Introduction to ILO

The International Labour Organisation (ILO) came into existence on April 19, 1919, as an independent body. It was established by Versailles Peace Conference as a symbol of human dignity, social justice, and universal peace.

After the Second World War, all the International associations were dissolved including the parent body of ILO (the League of Nations). The International Labour Organisation (ILO) is the only international association that continued its work.

Since its inception, the ILO has framed and sustained the system of International Labour Standards that intends to create opportunities for both men and women for a profitable and good workplace. A workplace that offers dignity, equity, security, and freedom.

An international framework that makes sure that the progress of the global economy provides profits to all is based on international standards that are crucial elements of the framework.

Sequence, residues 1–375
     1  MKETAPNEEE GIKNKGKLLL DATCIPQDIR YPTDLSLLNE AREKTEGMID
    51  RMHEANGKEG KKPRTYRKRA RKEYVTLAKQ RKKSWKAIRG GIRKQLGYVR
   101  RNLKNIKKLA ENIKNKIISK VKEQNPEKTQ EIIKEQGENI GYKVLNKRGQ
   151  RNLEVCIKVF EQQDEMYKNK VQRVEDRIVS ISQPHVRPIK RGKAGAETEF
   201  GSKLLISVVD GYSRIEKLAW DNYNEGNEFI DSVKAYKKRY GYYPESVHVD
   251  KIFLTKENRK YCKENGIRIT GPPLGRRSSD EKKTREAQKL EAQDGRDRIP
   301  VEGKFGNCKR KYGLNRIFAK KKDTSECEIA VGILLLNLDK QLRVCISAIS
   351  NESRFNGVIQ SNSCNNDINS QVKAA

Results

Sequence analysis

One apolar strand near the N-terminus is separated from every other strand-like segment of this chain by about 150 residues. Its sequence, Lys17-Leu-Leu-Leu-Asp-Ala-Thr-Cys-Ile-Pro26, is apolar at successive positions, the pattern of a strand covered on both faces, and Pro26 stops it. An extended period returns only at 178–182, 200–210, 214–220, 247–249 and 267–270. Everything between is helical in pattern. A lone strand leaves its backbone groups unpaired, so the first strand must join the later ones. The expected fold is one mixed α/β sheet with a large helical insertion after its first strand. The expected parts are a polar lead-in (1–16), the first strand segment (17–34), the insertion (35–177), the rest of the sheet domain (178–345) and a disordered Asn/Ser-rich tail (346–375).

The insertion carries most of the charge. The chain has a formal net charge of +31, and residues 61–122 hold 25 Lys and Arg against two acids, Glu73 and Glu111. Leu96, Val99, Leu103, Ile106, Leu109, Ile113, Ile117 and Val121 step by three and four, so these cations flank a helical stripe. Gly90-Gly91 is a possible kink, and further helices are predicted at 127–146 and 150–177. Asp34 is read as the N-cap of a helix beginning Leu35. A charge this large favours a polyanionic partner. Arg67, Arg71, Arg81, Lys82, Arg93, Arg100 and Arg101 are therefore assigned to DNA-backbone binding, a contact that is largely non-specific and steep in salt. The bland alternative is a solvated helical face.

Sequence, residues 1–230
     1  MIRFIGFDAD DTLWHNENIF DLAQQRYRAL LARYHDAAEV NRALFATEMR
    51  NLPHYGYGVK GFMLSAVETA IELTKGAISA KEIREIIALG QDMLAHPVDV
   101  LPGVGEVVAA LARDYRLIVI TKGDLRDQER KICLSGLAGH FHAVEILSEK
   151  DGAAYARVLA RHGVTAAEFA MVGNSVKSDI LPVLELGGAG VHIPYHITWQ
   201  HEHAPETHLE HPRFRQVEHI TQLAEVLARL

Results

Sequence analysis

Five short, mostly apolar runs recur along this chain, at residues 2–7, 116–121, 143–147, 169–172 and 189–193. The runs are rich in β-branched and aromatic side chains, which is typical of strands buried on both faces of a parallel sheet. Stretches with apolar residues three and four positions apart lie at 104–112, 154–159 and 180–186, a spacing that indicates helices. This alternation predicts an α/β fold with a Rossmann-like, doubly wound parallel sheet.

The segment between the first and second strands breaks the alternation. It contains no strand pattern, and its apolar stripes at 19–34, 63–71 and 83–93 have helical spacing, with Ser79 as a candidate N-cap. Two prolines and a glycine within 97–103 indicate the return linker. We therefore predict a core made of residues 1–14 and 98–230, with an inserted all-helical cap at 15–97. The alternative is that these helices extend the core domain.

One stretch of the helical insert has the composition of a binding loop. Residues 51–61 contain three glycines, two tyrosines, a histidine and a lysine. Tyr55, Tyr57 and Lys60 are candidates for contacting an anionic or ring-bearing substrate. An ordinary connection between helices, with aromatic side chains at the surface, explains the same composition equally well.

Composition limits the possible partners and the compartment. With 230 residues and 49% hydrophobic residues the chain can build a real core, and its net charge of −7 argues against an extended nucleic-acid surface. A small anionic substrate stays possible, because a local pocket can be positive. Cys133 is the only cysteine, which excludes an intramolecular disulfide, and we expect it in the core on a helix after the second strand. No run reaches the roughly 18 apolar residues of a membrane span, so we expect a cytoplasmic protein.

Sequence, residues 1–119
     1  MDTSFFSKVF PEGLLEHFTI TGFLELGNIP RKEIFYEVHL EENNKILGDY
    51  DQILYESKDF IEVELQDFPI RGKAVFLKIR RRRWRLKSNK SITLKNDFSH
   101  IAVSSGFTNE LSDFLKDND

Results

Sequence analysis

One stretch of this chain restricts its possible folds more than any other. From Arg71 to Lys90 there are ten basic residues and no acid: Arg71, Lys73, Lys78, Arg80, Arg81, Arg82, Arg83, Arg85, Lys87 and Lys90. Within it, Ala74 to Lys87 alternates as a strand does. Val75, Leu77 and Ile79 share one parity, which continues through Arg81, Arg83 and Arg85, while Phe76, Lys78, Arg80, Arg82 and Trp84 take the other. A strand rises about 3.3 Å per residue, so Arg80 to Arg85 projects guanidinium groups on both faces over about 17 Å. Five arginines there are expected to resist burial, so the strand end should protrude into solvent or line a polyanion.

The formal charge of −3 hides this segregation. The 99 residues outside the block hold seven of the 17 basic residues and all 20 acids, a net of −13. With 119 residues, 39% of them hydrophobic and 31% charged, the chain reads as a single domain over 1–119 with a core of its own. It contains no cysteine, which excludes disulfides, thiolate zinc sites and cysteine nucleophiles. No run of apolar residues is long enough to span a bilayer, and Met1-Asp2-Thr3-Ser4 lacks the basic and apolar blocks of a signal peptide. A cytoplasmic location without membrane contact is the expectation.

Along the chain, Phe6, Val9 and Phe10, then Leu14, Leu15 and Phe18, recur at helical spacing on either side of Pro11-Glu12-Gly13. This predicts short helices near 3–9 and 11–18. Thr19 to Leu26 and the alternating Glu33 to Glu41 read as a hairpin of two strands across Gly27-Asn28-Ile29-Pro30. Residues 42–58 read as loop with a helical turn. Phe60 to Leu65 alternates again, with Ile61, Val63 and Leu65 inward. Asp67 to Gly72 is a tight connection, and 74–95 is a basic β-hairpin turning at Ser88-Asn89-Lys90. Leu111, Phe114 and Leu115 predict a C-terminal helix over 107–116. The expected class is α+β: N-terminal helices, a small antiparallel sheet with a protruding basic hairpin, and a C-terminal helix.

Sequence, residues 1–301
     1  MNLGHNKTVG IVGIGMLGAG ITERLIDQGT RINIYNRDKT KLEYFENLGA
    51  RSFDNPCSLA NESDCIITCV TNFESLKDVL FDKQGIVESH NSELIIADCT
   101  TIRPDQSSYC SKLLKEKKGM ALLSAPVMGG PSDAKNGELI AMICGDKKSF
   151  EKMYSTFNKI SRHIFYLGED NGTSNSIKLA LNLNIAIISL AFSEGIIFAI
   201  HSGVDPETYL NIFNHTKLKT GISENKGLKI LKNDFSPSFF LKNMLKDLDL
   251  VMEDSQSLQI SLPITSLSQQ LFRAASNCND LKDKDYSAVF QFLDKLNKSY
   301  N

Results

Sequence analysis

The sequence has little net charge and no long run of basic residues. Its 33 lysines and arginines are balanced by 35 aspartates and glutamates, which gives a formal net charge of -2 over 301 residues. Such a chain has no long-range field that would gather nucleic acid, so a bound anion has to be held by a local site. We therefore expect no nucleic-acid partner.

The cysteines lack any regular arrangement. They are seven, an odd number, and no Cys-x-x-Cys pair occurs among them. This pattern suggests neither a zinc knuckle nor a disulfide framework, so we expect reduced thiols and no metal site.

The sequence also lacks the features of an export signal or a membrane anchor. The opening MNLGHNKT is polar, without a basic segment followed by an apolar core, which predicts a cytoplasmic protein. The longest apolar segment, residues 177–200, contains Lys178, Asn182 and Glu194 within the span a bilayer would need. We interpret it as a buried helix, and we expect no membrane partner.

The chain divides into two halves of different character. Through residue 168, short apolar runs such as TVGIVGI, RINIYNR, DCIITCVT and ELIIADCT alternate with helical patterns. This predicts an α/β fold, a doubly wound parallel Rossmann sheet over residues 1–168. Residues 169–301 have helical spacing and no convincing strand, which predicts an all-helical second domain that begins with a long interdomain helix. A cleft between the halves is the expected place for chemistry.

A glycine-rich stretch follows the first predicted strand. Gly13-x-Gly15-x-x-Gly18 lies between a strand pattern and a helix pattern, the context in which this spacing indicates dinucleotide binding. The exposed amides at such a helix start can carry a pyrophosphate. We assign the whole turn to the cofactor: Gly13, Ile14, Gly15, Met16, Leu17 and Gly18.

As the original signatory to the peace treaty, in the year 1919 India became a member of ILO. In the year 1946, ILO became specialized agency of the United Nations (UN). The social objective of ILO is to make the world aware of the fact that, global peace might get influenced by the unfair situations of its working people.

The International Labour Organisation is a tripartite body (labour, government, and employer) that deals with the problems of labors at the international level.

The three parties are – the government that provides the financial assistance, the employer who is accountable for the well-being of the workers, and the worker for whom the framework is being designed.

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